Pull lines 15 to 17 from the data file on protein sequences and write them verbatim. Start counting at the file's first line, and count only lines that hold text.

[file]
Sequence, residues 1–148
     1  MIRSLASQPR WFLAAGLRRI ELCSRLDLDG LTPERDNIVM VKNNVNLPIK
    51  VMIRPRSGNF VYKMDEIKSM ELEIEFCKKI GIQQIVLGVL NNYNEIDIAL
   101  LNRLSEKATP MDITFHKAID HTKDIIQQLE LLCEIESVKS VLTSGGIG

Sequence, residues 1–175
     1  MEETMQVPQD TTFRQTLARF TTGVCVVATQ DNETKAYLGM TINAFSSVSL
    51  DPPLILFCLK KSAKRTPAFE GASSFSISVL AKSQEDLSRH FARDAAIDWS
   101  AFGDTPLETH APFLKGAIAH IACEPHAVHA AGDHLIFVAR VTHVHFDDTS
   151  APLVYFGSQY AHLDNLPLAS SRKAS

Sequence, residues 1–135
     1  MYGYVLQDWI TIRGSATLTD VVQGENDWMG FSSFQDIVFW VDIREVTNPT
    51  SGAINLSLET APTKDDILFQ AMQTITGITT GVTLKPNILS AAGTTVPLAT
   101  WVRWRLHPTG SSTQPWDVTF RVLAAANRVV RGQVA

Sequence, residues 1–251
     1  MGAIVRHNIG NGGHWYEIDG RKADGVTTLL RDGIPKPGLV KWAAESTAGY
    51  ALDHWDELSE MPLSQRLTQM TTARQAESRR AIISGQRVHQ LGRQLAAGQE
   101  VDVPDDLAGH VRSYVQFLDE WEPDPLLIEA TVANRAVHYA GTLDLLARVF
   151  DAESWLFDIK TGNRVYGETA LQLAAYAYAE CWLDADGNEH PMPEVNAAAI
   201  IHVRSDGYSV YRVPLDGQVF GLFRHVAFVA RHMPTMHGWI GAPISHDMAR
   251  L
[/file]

     1  MGAIVRHNIG NGGHWYEIDG RKADGVTTLL RDGIPKPGLV KWAAESTAGY
    51  ALDHWDELSE MPLSQRLTQM TTARQAESRR AIISGQRVHQ LGRQLAAGQE
   101  VDVPDDLAGH VRSYVQFLDE WEPDPLLIEA TVANRAVHYA GTLDLLARVF